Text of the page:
“What if every American woman had laid down on the highways across America and said ‘No, you will not invade Iraq. No, you will not do that to the women of Iraq. No, you will not do that to their children. No, you will not bomb their homes.’

How many of us don’t actually stand up and speak our truth because we feel that it won’t make enough of an impact? Sure, not every woman in America (or even around the world) believed that we shouldn’t have invaded Iraq. But how many of us secretly felt helpless about changing it?
While that is applying the principle of speaking and following our truth to a worldwide matter, the same applies for our day-to-day life. Each and everyday we are faced with the opportunity to concede to following the general direction that we are headed (whether we like it or not), or to choose our own adventure.
It might be putting a voice to that rampant sexism in the office or speaking up when we feel as though our spouse hasn’t considered us in some small or big way, or admitting that deep down we feel really frightened by the possibility that Donald Trump may be the next President.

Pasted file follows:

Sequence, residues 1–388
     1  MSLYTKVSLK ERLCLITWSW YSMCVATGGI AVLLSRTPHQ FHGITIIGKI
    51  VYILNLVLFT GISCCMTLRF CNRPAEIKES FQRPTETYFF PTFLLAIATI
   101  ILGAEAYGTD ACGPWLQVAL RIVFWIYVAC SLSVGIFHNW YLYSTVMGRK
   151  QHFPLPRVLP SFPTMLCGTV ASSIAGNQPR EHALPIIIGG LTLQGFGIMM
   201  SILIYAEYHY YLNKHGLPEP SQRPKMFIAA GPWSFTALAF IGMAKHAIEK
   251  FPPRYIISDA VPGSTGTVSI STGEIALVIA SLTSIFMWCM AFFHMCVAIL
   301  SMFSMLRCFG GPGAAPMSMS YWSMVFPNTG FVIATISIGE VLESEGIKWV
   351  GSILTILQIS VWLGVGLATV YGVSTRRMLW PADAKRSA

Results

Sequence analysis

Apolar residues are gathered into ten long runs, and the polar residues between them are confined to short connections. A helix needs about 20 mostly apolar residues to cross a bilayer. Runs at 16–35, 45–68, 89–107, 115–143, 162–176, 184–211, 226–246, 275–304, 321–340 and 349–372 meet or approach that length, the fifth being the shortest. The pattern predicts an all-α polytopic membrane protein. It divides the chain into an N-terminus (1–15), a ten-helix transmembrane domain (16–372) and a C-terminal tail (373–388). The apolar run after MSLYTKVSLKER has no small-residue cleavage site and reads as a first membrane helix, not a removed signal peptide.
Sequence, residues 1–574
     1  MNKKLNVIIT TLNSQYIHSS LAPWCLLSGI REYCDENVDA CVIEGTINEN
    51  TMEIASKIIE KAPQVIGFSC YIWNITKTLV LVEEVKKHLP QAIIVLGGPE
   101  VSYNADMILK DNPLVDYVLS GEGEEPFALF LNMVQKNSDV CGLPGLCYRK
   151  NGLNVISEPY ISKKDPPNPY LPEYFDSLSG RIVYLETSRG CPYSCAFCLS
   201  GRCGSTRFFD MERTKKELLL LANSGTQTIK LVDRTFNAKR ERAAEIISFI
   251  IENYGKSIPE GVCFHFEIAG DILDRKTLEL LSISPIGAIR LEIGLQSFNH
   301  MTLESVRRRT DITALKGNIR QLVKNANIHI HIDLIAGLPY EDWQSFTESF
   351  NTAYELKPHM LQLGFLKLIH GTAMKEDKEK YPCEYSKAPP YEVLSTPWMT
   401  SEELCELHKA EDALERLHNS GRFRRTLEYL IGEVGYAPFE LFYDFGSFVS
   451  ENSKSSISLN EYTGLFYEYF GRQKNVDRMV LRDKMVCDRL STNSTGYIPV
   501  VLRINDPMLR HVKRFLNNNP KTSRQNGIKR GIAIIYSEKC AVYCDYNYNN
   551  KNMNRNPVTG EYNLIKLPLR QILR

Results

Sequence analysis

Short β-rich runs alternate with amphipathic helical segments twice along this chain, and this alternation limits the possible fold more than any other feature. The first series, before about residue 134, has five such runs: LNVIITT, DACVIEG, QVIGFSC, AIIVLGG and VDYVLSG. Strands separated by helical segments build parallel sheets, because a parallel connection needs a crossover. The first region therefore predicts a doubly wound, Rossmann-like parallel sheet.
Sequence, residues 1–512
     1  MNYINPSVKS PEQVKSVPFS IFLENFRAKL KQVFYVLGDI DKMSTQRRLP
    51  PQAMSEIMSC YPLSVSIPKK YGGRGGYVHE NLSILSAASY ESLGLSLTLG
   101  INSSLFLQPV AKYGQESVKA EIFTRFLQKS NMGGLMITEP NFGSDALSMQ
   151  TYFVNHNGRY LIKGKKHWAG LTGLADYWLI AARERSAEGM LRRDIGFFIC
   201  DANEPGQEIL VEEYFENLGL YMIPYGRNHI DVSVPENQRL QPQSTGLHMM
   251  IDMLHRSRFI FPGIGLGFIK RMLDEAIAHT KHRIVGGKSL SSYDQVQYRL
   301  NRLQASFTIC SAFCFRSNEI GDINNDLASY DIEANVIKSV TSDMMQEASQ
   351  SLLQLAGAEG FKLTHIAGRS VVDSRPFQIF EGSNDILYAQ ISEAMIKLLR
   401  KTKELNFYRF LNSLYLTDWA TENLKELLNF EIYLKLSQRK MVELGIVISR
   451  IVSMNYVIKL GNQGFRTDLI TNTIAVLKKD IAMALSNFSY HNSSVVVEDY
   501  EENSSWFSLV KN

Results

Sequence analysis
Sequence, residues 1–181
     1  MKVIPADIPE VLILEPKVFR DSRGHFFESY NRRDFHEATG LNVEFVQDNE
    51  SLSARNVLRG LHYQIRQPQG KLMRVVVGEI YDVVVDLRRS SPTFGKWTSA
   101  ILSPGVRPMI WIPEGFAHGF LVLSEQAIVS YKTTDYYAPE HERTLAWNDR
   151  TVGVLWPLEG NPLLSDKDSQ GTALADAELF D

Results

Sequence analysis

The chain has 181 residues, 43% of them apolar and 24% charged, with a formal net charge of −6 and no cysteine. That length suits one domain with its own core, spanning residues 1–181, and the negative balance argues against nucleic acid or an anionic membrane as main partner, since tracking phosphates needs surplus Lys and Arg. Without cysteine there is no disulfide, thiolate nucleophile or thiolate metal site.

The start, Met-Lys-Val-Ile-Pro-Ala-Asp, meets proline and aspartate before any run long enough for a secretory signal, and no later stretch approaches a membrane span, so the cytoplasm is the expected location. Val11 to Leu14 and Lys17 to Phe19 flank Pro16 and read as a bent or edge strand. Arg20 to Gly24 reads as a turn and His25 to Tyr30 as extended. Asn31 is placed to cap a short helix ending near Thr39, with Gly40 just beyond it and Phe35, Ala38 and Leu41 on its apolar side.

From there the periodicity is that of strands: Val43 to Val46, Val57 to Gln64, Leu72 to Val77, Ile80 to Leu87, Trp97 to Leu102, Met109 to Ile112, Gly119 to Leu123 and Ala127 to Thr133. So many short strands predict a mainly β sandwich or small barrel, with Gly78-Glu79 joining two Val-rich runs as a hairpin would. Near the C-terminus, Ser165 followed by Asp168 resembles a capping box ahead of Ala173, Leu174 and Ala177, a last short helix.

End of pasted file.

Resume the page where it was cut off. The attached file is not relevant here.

What ever it is, this isn’t about reacting to the situation and forcing change through aggression—it’s about recognizing the deep signal that indicates something doesn’t sit well with us and digging into the most vulnerable part of us to express it mindfully. It’s being honest and real and authentic in our interactions with ourselves, the people in our lives and the world around us. When we speak from the heart, it’s not about seeking power over a situation, it’s about clearly and firmly articulating what feels right and wrong for us regardless of how it is perceived by others.
This is the basis of mindful communication and how we can influence the people around us by changing the context of the conversation by changing our language and our intentions.

Step 3: Building a Healthy Set of Impervious Boundaries.